The convincing Nixon part of it was actually easier than expected. Nixon's chief advisor, Jack Brennan (Kevin Bacon), encouraged him to agree to the interviews. Frost was perceived by Brennan not as an outsider, but as a lightweight, and the perfect patsy that a politician as skilled as Nixon needed so that he could control the interviews on his own terms, and frame them so that he would be viewed in a more flattering light. (To put it into terms relevant to today, it would be like Ryan Secrest interviewing the Pope). Nixon was depicted as being obsessed with getting back "into the game" of being a Washington Insider. He was also said by historians to be an amazingly greedy miser, so when Frost came up with a dollar figure that no "respectable" news organization would touch, $600,000 paid directly to Nixon, the former President's camp quickly agreed.
The harder part was coming up with the money to finance not only Nixon's portion, but the entire operation. Frost had no luck in getting any network to agree to subsidize, promote, and televise the interviews. Eventually, he had to stake every penny he had, and well as lots of money from friends, family, and colleagues, to finally put everything together to create the syndicated shows.
Once the certainty of the interviews had been established, "Frost/Nixon" turns into what could best be described as an intellectual boxing match. Both ‘sides' have their corner men working hard to keep their guy focused and prepared for the battle, and both swarming around their contestant during breaks, analyzing the previous ‘round', offering advice and encouragement just like they were in a ring.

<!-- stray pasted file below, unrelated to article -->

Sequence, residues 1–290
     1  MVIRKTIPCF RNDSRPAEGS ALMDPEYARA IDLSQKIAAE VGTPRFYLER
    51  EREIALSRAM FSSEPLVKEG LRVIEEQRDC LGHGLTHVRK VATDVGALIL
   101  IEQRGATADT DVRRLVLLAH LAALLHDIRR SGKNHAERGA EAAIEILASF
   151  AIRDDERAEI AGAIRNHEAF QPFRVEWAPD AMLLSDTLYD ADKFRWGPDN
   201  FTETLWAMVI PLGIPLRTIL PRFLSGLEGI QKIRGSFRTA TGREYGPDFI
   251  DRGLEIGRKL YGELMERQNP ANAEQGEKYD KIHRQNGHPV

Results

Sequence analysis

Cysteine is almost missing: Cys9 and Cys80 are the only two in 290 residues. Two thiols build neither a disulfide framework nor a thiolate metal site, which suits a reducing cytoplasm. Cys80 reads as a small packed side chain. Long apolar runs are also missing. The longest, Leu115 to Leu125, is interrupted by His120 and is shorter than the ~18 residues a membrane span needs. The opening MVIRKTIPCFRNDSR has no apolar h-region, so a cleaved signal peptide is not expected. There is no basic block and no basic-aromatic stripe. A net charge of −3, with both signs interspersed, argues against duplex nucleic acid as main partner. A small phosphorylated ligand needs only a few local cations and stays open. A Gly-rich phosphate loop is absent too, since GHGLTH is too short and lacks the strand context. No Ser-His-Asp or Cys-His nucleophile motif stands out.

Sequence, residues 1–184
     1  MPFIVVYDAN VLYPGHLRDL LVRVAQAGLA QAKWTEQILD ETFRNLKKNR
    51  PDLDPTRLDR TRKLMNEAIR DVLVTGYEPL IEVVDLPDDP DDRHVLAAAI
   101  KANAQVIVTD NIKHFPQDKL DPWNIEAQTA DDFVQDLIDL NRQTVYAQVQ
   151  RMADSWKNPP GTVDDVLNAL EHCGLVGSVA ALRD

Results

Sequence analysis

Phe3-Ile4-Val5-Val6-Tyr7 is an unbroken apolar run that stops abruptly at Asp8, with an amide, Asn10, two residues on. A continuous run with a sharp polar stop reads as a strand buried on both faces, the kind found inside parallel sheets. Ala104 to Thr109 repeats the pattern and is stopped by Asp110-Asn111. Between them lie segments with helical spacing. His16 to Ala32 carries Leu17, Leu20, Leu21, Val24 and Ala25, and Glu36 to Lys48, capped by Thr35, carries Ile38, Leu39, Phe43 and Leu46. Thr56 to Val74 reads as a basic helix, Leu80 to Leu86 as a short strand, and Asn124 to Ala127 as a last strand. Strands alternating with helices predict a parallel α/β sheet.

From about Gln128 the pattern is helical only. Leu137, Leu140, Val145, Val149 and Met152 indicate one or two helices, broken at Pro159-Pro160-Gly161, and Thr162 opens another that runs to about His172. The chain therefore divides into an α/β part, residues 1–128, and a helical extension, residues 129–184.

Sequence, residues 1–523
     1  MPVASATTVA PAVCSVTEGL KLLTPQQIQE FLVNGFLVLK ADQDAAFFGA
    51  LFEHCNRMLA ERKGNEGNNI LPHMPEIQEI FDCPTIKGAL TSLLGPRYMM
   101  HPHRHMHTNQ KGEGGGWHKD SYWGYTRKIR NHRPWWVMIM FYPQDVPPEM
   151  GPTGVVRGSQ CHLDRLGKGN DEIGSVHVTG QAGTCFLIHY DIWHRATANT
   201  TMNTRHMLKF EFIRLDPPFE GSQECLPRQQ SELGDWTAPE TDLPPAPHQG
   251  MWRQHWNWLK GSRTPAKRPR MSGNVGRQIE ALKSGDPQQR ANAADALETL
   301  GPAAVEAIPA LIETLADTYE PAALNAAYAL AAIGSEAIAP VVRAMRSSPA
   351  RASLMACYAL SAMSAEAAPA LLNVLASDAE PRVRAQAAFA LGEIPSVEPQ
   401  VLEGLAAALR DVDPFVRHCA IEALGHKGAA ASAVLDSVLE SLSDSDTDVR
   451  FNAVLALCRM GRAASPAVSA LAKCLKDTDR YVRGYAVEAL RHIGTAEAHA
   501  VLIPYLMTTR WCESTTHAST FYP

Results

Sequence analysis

For Nixon, it was a team consisting primarily of Jack Brennan and his publicist Swifty Lazar, along with a gaggle of journalists performing a duty that is now (unfortunately) too common in politics...providing Nixon with ways to "spin" everything to his favor. This group included, to my surprise, Diane Sawyer. In the other "corner", Frost had his longtime producer John Brit (Matthew Macfayden, almost unrecognizable in his long, bleach blonde hair), producer Bob Zelnick (Oliver Platt), and firebrand writer/researcher James Reston (Sam Rockwell, excellent as always).
Reston and Zelnick knew that the interviews had to be controversial to succeed. Reston had the extra motivation of being a true Nixon hater, and wanted to ensure that Nixon "got the trial we were cheated out of when Ford pardoned him". Brennan and Nixon were positive that Frost had no chance with him, and gleefully were anticipating their invitations back into the Republican Inner Circle.
It certainly looked as if it would play out that way after the first few sessions. Nixon baited Frost, distracted him right before the cameras went live, and then tossed aside any question he didn't like by launching into long homilies about his meetings with Mao or Brezhnev. Facing financial and career ruin, Frost had no choice but to find some way to get the upper hand in the final interview, the climax of the film.
The story itself is utterly fascinating to watch. However, it is just as enjoyable to sit back and watch two incredible actors get completely into the skins of two real-life people.